napa humane

Animal Poison Control Center

The ASPCA Animal Poison Control Center is a great resource for any animal poison-related emergency.  If you believe that your pet has ingested something toxic you should see your veterinarian immediately.  If you are unable to have your pet seen by a veterinarian right away you can call the ASPCA Animal Poison Control Center.  They are available by telephone, 24 hours a day, 365 days a year. If you think that your pet may have ingested a potentially poisonous substance, make the call that can make all the difference: 888.426.4435. A $60 consultation fee may be applied to your credit card.

The ASPCA Animal Poison Control Center is dedicated to helping animals exposed to potentially hazardous substances by providing 24-hour veterinary diagnostic and treatment recommendations. The center is committed to protecting and improving the lives of animals through toxicology educational programs and non-traditional research.

The ASPCA Animal Poison Control Center has specially trained veterinary toxicologists on-duty around the clock and has an extensive collection of scientific journals and books as well as sophisticated databases available nowhere else. The center's clinical experiences collected over the past ten years can be rapidly reviewed for diagnostic and treatment insight.

When calling the center, be prepared to provide the following information: the name of the poison your animal was exposed to, the amount and how long ago; the species, breed, age, sex, and weight of your pet; and the symptoms the animal is displaying. You'll also be asked to provide your name, address, phone number, and credit card information.

Below is valuable infromation to protect your pet from potentially toxic foods, plants, and household items.


Foods Potentially Poisonous to Pets

Some foods that are considered good for people can be very dangerous for pets. The list below highlights some of the most common foods that can be dangerous to animals. This is not an exhaustive list and any decision to provide your pet with food not specifically intended for animals should be discussed with your veterinarian.

The following foods may be dangerous to your pet:

  • Alcoholic beverages
  • Apple seeds
  • Apricot pits
  • Avocados—toxic to birds, mice, rabbits, horses, cattle and dairy goats
  • Cherry pits
  • Candy (particularly chocolate, which is toxic to dogs, cats and ferrets, and any candy containing the sweetener Xylitol)
  • Coffee (grounds, beans, chocolate covered espresso beans)
  • Grapes
  • Hops (used in home beer brewing)
  • Macadamia nuts
  • Moldy foods
  • Mushroom plants
  • Mustard seeds
  • Onions and onion powder
  • Peach pits
  • Potato leaves and stems (green parts)
  • Raisins
  • Rhubarb leaves
  • Salt
  • Tea (caffeine)
  • Tomato leaves and stems (green parts)
  • Walnuts
  • Yeast dough

    Common Poisonous Plants

    While plants add a touch of color and fragrance to our daily lives they also inject an element of danger into the lives of our pets.

    More than 700 plants have been identified as producing physiologically active or toxic substances in sufficient amounts to cause harmful effects in animals. Poisonous plants produce a variety of toxic substances and cause reactions ranging from mild nausea to death. Certain animal species may have a peculiar vulnerability to a potentially poisonous plant.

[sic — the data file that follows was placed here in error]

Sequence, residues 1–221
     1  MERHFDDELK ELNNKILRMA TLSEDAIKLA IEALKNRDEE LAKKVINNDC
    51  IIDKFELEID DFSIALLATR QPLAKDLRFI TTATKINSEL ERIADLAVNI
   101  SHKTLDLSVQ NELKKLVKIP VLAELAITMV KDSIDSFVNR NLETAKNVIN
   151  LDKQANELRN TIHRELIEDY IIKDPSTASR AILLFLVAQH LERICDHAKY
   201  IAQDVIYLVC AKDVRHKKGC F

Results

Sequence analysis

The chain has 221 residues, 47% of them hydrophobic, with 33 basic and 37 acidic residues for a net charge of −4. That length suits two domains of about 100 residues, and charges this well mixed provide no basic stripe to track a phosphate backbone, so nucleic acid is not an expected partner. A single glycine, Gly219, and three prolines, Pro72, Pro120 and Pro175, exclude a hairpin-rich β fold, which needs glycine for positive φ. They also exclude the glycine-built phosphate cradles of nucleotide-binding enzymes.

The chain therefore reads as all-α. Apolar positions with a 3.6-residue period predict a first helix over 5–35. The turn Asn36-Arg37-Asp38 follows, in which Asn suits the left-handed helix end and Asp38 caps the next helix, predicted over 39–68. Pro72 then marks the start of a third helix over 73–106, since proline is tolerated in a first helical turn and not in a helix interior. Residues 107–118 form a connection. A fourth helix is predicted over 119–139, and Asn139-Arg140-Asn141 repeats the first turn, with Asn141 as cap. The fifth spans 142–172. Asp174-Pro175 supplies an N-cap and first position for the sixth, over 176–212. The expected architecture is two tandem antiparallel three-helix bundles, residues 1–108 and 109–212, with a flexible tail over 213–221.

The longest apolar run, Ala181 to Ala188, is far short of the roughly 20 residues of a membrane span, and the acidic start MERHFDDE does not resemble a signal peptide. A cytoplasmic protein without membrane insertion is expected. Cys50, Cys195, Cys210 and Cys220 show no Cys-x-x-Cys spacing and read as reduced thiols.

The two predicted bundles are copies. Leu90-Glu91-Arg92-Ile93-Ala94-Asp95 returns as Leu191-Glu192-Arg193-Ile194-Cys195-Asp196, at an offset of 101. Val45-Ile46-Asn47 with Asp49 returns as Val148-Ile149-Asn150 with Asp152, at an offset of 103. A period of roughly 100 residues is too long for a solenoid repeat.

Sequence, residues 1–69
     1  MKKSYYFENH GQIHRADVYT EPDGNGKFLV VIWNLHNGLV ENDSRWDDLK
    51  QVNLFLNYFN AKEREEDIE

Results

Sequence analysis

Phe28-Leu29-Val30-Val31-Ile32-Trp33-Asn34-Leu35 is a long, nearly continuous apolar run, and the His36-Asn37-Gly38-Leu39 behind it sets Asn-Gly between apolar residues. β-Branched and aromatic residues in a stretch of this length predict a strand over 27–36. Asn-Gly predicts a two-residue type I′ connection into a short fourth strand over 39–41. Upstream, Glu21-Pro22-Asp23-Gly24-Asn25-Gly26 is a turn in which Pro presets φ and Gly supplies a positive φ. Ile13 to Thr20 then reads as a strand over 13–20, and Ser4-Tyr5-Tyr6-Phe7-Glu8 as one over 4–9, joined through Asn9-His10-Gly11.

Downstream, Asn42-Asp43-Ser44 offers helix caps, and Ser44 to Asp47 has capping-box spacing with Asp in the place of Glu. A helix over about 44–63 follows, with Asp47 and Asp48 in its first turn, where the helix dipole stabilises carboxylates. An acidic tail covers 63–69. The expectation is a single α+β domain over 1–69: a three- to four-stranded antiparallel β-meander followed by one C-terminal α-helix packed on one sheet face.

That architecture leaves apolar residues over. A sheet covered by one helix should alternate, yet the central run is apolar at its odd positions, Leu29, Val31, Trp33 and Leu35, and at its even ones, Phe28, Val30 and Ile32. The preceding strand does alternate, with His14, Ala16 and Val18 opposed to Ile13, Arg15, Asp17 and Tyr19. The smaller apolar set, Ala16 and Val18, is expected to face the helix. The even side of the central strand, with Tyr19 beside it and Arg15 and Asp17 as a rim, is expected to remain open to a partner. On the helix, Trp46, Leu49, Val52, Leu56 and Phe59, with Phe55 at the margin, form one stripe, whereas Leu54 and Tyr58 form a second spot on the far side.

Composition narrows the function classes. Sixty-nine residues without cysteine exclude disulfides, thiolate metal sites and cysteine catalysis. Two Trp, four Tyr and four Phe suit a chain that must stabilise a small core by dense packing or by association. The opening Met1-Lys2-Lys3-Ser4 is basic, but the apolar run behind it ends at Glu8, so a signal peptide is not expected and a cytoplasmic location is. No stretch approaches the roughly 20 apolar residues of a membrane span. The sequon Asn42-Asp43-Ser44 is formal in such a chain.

Below is a list of some of the common plants which may produce a toxic reaction in animals. This list is intended only as a guide to plants which are generally identified as having the capability for producing a toxic reaction.

    PLANT

    TOXIC PARTS

    PLANT TYPE

    Aconite

    roots, foliage, seeds

    garden flower

    Apple

    seeds

    cultivated tree

    Arrowgrasses

    leaves

    marsh plants

    Atropa belladonna

    entire plant esp. seeds, roots

    garden herb

    Autumn Crocus

    entire plant

    garden flower

    Azaleas

    entire plant

    cultivated & wild shrub

    Baneberry

    berries, roots

    wildflower

    Bird-of-Paradise

    pods

    garden flower

    Black locust

    entire plant esp. bark, shoots

    tree

    Bloodroot

    entire plant esp. stem, roots

    wildflower, herb

    Box

    entire plant esp. leaves

    ornamental shrub

    Buckeye

    sprouts, nuts, seeds

    tree

    Buttercup

    entire plant esp. leaves

    wildflower, garden herb

    Caladium

    entire plant

    house plant

    Carolina jessamine

    flowers, leaves

    ornamental plant

    Castor bean

    entire plant esp. beans

    house plant

    Chinaberry tree

    berries

    tree

    Chockcherries

    leaves, cherries, pit

    wild shrub

    Christmas berry

    leaves

    shrub

    Christmas Rose

    rootstock, leaves

    garden flower

    Common privet

    leaves, berries

    ornamental shrub

    Corn cockle

    seeds

    wildflower, weed

    Cowbane

    entire plant esp. roots

    wildflower, herb

    Cow cockle

    seeds

    wildflower, weed

    Cowslip

    entire plant esp. leaves, stem

    wildflower, herb

    Daffodil

    bulbs

    garden flower

    Daphne

    bark, berries, leaves

    ornamental shrub

    Day lily

    entire plant is toxic to cats

    garden & wildflower

    Death Camas

    leaves, stems, seeds, flowers

    field herb

    Delphinium (Larkspur)

    entire plant esp. sprouts

    wildflower

    Dumbcane

    entire plant

    house plant

    Dutchman's breeches

    roots, foliage

    wild & garden flower

    Easter lily

    entire plant is toxic to cats

    flowering house plant

    Elderberry

    leaves, bark, roots, buds

    tree

    Elephant's ear

    entire plant

    house plant

    English Ivy

    entire plant esp. leaves, berries

    ornamental vine

    European Bittersweet

    entire plant esp. berries

    vine

    False Flax

    seeds

    wild herb

    False hellebore

    roots, leaves, seeds

    ornamental flower

    Fan weed

    seeds

    wildflower, herb

    Field peppergrass

    seeds

    wildflower, herb

    Foxglove

    leaves

    wild & garden flower

    Holly

    berries

    shrub

    Horsechestnut

    nuts, sprouts

    tree

    Horse nettle

    entire plant esp. berries

    wildflower, herb

    Hyacinth

    bulbs

    wild & house plant

    Iris

    leaves, roots

    wild & garden flower

    Jack-in-the-pulpit

    entire plant esp. roots, leaves

    wildflower

    Jatropha

    seeds

    tree, shrub

    Jerusalem Cherry